Description and Brand Names
Drug information provided by: Micromedex
US Brand Name
- M2 Chromium
Chromium supplements are used to prevent or treat chromium deficiency.
The body needs chromium for normal growth and health. For patients who are unable to get enough chromium in their regular diet or who have a need for more chromium, chromium supplements may be necessary. They are generally taken by mouth but some patients may have to receive them by injection. Chromium helps your body use sugar properly. It is also needed for the breakdown of proteins and fats.
Lack of chromium may lead to nerve problems and may decrease the body's ability to use sugar properly.
There is not enough evidence to show that taking chromium supplements improves the way your body uses sugar (glucose tolerance).
Injectable chromium is given by or under the supervision of a health care professional. Other forms are available without a prescription.
Importance of Diet
For good health, it is important that you eat a balanced and varied diet. Follow carefully any diet program your health care professional may recommend. For your specific dietary vitamin and/or mineral needs, ask your health care professional for a list of appropriate foods. If you think that you are not getting enough vitamins and/or minerals in your diet, you may choose to take a dietary supplement.
Chromium is found in various foods, including brewer's yeast, calf liver, American cheese, and wheat germ.
The daily amount of chromium needed is defined in several different ways.
Recommended Dietary Allowances (RDAs) are the amount of vitamins and minerals needed to provide for adequate nutrition in most healthy persons. RDAs for a given nutrient may vary depending on a person's age, sex, and physical condition (e.g., pregnancy).
Daily Values (DVs) are used on food and dietary supplement labels to indicate the percent of the recommended daily amount of each nutrient that a serving provides. DV replaces the previous designation of United States Recommended Daily Allowances (USRDAs).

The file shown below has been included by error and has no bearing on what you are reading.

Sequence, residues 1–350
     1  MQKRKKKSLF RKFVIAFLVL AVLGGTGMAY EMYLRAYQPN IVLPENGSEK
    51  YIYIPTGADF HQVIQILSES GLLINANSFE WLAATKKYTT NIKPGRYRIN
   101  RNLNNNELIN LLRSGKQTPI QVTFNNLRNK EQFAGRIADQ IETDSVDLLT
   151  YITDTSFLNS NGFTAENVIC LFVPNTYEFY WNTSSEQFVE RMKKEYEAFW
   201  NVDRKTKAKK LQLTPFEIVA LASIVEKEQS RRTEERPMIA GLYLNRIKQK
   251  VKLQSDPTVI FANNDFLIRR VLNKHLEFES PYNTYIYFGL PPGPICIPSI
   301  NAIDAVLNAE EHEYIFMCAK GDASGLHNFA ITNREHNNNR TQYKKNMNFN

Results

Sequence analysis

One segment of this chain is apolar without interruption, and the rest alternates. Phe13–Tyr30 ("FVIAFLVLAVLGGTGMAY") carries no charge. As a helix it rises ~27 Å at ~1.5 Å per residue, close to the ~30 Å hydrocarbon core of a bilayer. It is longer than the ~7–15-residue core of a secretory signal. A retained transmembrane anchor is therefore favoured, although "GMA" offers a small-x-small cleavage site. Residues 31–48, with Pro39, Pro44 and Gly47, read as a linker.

Recommended Nutrient Intakes (RNIs) are used to determine the amounts of vitamins, minerals, and protein needed to provide adequate nutrition and lessen the risk of chronic disease.
Because a lack of chromium is rare, there is no RDA or RNI for it. Normal daily recommended intakes for chromium are generally defined as follows:
Infants and children—
Birth to 3 years of age—10 to 80 micrograms (mcg) a day.
4 to 6 years of age—30 to 120 mcg a day.
7 to 10 years of age—50 to 200 mcg a day.
Adolescents and adults—50 to 200 mcg a day.
This product is available in the following dosage forms:
- Capsule, Liquid Filled
If you are taking a dietary supplement without a prescription, carefully read and follow any precautions on the label. For these supplements, the following should be considered:
Tell your doctor if you have ever had any unusual or allergic reaction to medicines in this group or any other medicines. Also tell your health care professional if you have any other types of allergies, such as to foods dyes, preservatives, or animals. For non-prescription products, read the label or package ingredients carefully.
Problems in children have not been reported with intake of normal daily recommended amounts.
Problems in older adults have not been reported with intake of normal daily recommended amounts.